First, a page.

“There are peak use times, and there are optimal and suboptimal times to charge your vehicles. We're talking to several airports, and San Diego has told us that they have so much solar irradiation at certain points in the year that sometimes their power has nowhere to go. Sometimes they have to turn off parts of their solar array,” Gunady says.

“What we propose is that operators divert some of that energy towards vehicles, and we identify a baseline level of charge for the vehicles that covers a majority of the expected trips that we need to take.”

Simulations Based on Real-World Data

A presentation slide shows a heat map of a simulated airport shuttle service analysis performed by the Purdue student team.

The project was split into two phases: after setting up the initial concept, they needed to develop it further based on data. In addition to working with those California-based airports, the team also spoke with American Airlines, GE Aviation, as well as UAM companies like Hyundai-subsidiary Supernal.

“We use that real-world data on something called an agent-based model, which has some randomness to it, and we build our system on top of that, in a sense,” Gunady says.

Ultimately, their system would recommend the size of battery and on-site renewable energy systems, and set operation schedules for UAM vehicles based on factors like the price of electricity from the grid, the available on-site power, and the expected demand for upcoming peak times. Those battery banks would charge when electricity prices are low or solar radiation is high, and retain that power for UAM rush hour.

Gunady says this kind of analysis is relatively rare in the UAM space. “We’ve actually adjusted our pitch to focus on the UAM operator, basically saying that if you want to start operations at an airport, you’re going to need a better solution than just plugging into their grid.”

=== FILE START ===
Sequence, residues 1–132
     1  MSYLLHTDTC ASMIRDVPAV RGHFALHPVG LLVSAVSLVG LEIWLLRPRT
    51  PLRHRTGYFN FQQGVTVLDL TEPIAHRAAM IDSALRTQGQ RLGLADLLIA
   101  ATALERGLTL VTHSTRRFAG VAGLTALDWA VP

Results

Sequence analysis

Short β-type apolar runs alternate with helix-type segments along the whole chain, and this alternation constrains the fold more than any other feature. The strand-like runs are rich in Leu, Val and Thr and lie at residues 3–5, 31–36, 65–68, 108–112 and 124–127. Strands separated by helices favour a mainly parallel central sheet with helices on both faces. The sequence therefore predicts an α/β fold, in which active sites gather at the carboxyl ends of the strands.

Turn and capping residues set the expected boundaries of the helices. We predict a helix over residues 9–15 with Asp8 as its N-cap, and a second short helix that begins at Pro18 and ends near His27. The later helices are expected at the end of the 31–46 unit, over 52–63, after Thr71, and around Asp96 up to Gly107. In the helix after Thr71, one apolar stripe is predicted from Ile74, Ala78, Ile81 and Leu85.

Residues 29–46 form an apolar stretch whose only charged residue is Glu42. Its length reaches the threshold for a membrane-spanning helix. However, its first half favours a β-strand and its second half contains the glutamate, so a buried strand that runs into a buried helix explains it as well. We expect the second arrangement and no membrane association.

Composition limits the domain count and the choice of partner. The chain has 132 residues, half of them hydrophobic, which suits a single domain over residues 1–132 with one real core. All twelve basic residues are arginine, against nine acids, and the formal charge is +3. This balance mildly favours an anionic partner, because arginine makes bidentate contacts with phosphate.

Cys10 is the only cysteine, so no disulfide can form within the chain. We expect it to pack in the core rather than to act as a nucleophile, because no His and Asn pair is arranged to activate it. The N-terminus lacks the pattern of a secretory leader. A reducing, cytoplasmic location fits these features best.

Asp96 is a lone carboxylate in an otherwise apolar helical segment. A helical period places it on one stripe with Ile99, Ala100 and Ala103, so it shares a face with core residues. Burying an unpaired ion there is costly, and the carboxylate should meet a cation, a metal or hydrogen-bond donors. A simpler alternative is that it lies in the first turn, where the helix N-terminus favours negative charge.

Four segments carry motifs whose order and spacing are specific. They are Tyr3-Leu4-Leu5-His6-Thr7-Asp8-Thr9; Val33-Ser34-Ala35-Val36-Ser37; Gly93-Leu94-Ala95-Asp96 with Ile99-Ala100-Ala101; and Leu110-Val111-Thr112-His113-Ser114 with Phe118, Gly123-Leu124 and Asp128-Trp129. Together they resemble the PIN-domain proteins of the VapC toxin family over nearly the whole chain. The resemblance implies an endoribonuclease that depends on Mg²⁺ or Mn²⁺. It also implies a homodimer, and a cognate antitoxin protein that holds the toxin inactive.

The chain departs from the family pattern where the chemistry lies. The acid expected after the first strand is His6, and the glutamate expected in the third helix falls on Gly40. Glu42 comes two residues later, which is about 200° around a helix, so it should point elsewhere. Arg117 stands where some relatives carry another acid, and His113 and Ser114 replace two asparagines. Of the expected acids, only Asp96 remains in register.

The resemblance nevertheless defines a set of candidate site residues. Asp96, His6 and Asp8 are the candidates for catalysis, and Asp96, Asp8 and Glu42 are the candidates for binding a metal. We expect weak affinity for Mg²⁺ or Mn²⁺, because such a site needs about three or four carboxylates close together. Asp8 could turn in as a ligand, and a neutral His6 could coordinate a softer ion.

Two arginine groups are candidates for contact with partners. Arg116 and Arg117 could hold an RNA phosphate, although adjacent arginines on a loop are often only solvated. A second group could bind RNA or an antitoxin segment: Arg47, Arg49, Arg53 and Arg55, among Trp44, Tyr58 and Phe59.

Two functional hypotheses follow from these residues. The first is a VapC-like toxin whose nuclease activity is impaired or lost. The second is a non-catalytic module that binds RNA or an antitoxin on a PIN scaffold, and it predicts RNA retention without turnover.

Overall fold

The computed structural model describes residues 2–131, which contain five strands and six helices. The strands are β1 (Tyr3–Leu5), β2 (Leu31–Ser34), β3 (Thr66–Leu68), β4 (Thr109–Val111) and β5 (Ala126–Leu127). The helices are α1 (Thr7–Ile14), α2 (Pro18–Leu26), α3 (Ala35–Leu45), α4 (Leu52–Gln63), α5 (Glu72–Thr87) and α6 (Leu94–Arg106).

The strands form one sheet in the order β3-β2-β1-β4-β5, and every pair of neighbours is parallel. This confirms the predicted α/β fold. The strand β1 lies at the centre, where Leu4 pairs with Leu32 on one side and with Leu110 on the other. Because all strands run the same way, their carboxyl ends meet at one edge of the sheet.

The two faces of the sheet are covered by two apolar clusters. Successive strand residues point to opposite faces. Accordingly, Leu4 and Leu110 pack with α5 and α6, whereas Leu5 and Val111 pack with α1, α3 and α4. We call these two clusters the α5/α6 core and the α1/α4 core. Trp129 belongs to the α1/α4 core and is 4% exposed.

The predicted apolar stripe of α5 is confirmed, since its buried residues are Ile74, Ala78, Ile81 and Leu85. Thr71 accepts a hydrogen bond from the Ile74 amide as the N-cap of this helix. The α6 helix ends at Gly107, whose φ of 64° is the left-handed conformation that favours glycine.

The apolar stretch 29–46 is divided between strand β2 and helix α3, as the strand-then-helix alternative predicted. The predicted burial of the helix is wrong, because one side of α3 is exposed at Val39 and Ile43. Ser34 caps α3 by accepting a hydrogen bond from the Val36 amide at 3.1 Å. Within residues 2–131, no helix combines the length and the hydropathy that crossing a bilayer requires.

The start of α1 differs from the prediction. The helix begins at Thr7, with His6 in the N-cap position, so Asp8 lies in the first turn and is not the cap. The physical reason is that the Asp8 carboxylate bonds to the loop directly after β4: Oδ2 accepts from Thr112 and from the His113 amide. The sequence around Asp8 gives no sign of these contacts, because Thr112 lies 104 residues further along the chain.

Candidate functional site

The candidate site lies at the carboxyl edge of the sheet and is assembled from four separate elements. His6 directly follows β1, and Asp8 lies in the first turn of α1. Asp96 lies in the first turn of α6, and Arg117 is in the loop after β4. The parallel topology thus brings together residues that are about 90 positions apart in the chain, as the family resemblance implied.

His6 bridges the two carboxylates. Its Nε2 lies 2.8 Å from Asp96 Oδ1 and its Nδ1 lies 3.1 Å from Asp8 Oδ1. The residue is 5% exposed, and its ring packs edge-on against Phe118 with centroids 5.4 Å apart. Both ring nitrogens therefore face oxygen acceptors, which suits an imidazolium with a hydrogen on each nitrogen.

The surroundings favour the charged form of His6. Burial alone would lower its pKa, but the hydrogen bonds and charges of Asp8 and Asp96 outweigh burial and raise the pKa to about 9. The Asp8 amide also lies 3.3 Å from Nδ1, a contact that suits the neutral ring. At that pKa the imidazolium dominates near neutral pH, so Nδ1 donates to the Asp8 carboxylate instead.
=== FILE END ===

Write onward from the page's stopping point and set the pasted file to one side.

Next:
Safe from Attack

The team also reviewed ways to protect this system from many types of hazards. Gunady points to the work of Associate Professor Shaoshuai Mou, one of the faculty advisors on this effort, and his expertise in building resilient systems.

“Professor Mou looks at multi-agent control, and one aspect of that is that if there’s one brain that’s controlling all this, it’s very vulnerable to an attack,” Gunady says. “But we distribute the computation and decision-making so the vehicles can talk to each other, and decide when it’s best to charge even in the absence of the central control.”

A presentation slide demonstrates the energy flow and demand for a UAM operator.

An Unexpected Win

The idea for this proposal came from Gunady talking to his roommate, Akshay Rao, a graduate student in mechanical engineering at Purdue. “We thought of an interesting concept because he works in renewables, and I work in advanced air mobility. So we wanted to figure out a way to pair those two,” Gunady says. “Our intent was never to really focus on winning this challenge.”

“Honestly, we didn’t think we were going to be selected as finalists. We just wanted to publish a couple conference papers. This kind of fell in our lap.”

The FAA Challenge competition pushed graduate and undergraduate college students to design, build and test technologies that would improve aviation efficiency and the traveler’s experience. Winners in each category took home a $10,000 prize, with an additional bonus for the grand prize winners.

The Purdue team won the Emerging Operations category as well as the grand prize, earning them an additional $15,000.

The final report included three graduate research students: Nick Gunady from AAE; Sai Mudumba, who is studying both AAE and Electrical and Computer Engineering; and Akshay Rao, in Mechanical Engineering. Two additional undergraduate researchers, Seejay Patel and Ethan Wright, are both AAE students.


Story by Alan Cesar